EXTREME LANGUAGE: ‘Radicalisation', punitive measures and children’s rights

With terrorism making news headlines almost every day, society’s fear of children being ‘radicalised’ is increasing and often results in excessive measures. Mere use of the words radicalisation and extremism can set off alarm bells, with the idea of children being lured to Syria or Iraq becoming so intense that some governments have begun keeping tabs on children's internet usage. Meanwhile school staff have taken to interviewing children for “inappropriate references to terrorism” and even monitoring toddlers in nurseries.  

But before the so-called Islamic State and Al Qaeda, before the Taliban or Boko Haram, there were also radicals. This word used to mean something more than violent extremism and was laden with qualities reflecting freedom of thought and expression, reserved for people with the drive to change the world.

'Extremist' environmentalists and alternative music 'radicalisation'

When Australia’s Justice Minister released a booklet on violent extremism and radicalisation in Australia it was widely ridiculed. One of the case studies linked alternative music and environmental campaigning to ‘radicalisation’, claiming that direct action against logging companies was a form of extremism.

While there have been violent acts carried out with environmental justification, it is not the norm where defending the planet is concerned. Once described as the US’ biggest domestic terror threat, ‘eco-terrorism’ is now hardly recognised as an issue, with increasing protections being urged for human rights defenders who go against corporate interests in defence of their rights and the environment peacefully.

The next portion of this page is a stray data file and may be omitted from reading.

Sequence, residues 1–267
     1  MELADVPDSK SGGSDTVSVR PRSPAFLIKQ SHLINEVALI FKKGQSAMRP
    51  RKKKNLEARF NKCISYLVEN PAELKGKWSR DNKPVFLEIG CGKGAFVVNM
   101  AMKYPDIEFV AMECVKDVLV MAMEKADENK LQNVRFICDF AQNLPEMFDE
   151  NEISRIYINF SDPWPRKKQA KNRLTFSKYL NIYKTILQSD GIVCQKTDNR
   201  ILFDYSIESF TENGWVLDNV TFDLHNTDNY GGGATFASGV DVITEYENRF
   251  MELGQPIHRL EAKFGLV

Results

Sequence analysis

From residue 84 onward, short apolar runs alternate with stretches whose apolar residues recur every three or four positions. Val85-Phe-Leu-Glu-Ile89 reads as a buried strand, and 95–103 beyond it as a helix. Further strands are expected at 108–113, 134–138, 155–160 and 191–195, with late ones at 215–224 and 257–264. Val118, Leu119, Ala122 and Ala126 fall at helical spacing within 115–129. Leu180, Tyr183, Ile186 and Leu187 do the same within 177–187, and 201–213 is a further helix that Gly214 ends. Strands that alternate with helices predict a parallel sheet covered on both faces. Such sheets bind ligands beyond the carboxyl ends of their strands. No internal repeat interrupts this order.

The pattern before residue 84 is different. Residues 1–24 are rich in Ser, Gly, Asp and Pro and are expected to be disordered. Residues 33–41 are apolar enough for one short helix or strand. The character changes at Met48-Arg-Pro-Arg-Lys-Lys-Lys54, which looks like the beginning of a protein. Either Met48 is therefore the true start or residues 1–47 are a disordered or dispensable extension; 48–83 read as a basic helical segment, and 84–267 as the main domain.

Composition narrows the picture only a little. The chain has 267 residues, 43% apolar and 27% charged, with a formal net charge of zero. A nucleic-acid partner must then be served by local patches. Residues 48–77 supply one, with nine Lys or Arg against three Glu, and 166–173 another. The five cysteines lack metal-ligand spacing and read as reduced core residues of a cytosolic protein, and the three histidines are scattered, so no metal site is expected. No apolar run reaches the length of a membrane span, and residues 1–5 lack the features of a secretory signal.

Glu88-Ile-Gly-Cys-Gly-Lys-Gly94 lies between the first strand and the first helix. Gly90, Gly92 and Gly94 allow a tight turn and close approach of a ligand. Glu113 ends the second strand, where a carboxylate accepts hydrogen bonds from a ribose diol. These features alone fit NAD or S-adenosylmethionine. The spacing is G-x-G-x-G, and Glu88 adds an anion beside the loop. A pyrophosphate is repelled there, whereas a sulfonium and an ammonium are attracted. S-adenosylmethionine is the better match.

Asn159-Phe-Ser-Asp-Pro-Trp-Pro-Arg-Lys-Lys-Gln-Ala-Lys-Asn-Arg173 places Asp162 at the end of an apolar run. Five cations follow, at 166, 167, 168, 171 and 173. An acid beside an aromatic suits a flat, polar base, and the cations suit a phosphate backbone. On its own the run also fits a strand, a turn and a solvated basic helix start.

Conflating radical thinking with terrorism

However, lumping people protecting trees from loggers or those burning empty laboratories into the same category as those carrying out a monstrous campaign of violent jihad is to confuse the role of radical thinking and to dangerously limit the ideas children are open to. It should be obvious that parents and teachers have less to worry about if children begin talking about animal rights than if they express a desire to fight for or to marry into the so-called Islamic State, despite the ever widening descriptions of both ‘terrorists’ and ‘extremists’. 

The idea that the term ‘radicalisation’ should be applied equally to both cases presents new grounds for violating children’s rights to information, freedom of expression and freedom of belief, and is a poor excuse for censorship and surveillance of under-18s. 

Increased monitoring and control of children’s activities for expressing ‘extreme’ ideas, yet simultaneously shutting them out of the debate and telling them what they ought to believe, is not the way to outdo terrorist propaganda, which relies on a narrative of oppression.

Policies which restrict children’s freedoms should be evidence-based and not the result of knee-jerk reactions to worst-case scenarios or a feeling of fear.

Send us your thoughts

CRIN does not have all the answers but, in the coming months, we will be exploring the concept of ‘radicalisation’ of children more thoroughly and starting policy discussions about children's civil and political rights, including rights to privacy, quality of education and religion, as well as their involvement in debates around radicalisation.

To add to the discussion with your thoughts, experiences or research, email us at [email protected] or tweet us at @CRINwire.


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